Unlike many ailments, kidney disease does not show symptoms until it gets advanced. Therefore, it is necessary to not only become aware of the risks of kidney disease but also to get tested regularly. Kidney removes excess fluids and wastes from the blood. Urine and blood tests indicate how well your kidneys are doing their job. They tell how quickly wastes are being removed from your body. Following is the guide to the tests used to assess kidney function.
Ultrasound – This test uses sound waves to see the picture of your kidneys. The abnormalities such as changes in size or position, tumors and stones are detected.
CT Scan – Structural abnormalities and obstructions can also be seen using this imaging technique.
Serum Creatinine – Creatinine is a waste produced by tearing of muscles of the body. If creatinine levels are more than 1.2 for a woman and more than 1.4 for a man, it is a sign that clearly shows that your kidneys are not functioning properly.
Glomerular Filtration Rate (GFR) – This test is a measure to see the removal of wastes and excess fluids from the blood. The normal value is 90 or above. A GFR value below than 60 shows that your kidneys are not functioning properly. A value below 15 requires dialysis or a kidney transplant.
Blood Urea Nitrogen (BUN) – Blood urea nitrogen is the result of the breakdown of proteins you take in with food. The normal value lies in between 7 and 20. As its level rises in blood, the kidney function decreases.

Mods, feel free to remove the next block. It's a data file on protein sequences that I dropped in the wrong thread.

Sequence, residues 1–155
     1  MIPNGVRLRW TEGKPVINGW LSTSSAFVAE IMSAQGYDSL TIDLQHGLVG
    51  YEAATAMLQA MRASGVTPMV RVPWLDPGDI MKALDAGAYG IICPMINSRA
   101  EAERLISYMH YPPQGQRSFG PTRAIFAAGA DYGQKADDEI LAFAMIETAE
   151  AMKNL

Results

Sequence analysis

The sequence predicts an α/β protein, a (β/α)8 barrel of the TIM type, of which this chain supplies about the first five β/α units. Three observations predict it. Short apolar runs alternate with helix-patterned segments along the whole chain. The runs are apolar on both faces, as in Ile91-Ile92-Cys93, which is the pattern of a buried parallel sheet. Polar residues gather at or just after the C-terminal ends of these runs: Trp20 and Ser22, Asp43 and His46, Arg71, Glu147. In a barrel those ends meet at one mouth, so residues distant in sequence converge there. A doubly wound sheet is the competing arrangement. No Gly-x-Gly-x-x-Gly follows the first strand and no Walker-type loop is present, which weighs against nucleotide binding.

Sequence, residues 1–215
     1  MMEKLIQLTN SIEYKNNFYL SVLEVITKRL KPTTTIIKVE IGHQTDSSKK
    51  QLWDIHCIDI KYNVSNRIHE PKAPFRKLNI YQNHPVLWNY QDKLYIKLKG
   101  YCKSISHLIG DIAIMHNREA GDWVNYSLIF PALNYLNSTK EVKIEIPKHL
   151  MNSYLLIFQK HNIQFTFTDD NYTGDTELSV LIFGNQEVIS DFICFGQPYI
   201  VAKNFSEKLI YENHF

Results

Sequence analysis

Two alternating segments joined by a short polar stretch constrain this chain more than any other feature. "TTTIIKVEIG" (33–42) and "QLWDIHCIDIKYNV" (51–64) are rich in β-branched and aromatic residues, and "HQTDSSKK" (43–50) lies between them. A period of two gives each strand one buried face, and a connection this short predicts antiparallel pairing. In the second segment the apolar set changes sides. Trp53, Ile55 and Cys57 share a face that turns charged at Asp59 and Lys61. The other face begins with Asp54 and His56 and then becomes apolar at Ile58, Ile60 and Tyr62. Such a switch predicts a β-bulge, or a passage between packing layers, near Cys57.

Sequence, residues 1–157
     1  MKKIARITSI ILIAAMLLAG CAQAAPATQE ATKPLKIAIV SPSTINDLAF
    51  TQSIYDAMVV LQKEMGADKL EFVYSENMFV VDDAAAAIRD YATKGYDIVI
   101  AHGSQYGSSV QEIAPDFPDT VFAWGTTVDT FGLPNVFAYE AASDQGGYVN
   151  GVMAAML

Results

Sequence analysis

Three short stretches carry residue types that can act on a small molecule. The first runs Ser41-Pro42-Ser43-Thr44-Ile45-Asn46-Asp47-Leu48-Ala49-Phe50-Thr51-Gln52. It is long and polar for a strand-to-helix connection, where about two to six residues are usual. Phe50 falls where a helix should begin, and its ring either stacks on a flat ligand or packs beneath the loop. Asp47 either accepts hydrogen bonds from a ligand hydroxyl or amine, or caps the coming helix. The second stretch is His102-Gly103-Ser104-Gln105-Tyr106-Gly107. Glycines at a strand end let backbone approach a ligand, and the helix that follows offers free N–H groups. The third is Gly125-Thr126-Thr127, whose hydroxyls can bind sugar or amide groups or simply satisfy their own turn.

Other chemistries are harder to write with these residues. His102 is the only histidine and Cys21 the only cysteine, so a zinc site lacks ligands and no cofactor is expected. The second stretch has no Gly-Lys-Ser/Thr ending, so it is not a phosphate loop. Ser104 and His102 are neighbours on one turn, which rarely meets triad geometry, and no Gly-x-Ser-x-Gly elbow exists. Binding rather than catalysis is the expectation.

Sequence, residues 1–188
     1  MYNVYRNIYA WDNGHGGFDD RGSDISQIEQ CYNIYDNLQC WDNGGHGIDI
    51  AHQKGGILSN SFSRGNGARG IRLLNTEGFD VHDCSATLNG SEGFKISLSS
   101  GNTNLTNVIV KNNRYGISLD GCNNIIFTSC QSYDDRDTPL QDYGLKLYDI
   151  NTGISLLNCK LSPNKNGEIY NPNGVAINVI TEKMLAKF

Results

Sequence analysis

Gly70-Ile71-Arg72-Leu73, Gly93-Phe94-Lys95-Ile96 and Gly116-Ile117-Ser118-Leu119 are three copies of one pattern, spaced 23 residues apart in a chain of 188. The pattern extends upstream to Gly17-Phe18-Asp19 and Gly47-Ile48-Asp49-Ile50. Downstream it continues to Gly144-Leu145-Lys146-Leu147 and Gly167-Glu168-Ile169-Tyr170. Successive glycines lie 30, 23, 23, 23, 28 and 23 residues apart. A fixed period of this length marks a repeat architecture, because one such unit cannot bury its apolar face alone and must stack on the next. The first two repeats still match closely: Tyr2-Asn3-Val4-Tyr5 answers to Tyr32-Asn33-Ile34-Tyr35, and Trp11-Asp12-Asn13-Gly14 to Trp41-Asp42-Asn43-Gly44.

Urinalysis – A dipstick is dipped in the urine sample and microscopic examination is done. The stick changes its color depending upon the abnormality present. Abnormalities include pus, stones, bacteria, and the excess amount of proteins, etc.
Microalbuminuria – This is another dipstick test and is more sensitive. It detects the amount of protein known as albumin in the blood. People with diabetes or high blood pressure must go for this test.
Creatinine Clearance – This test shows how much blood the kidneys filter per minute. In this test, the amount creatinine in a 24-hour sample of urine is compared to the creatinine level in the blood.
Small pieces of kidney tissues are examined under the microscope. A thin needle having a sharp cutting edge is used to slice kidney tissues. It is done to evaluate why a kidney transplant is not doing well or the damage that has occurred in the kidney.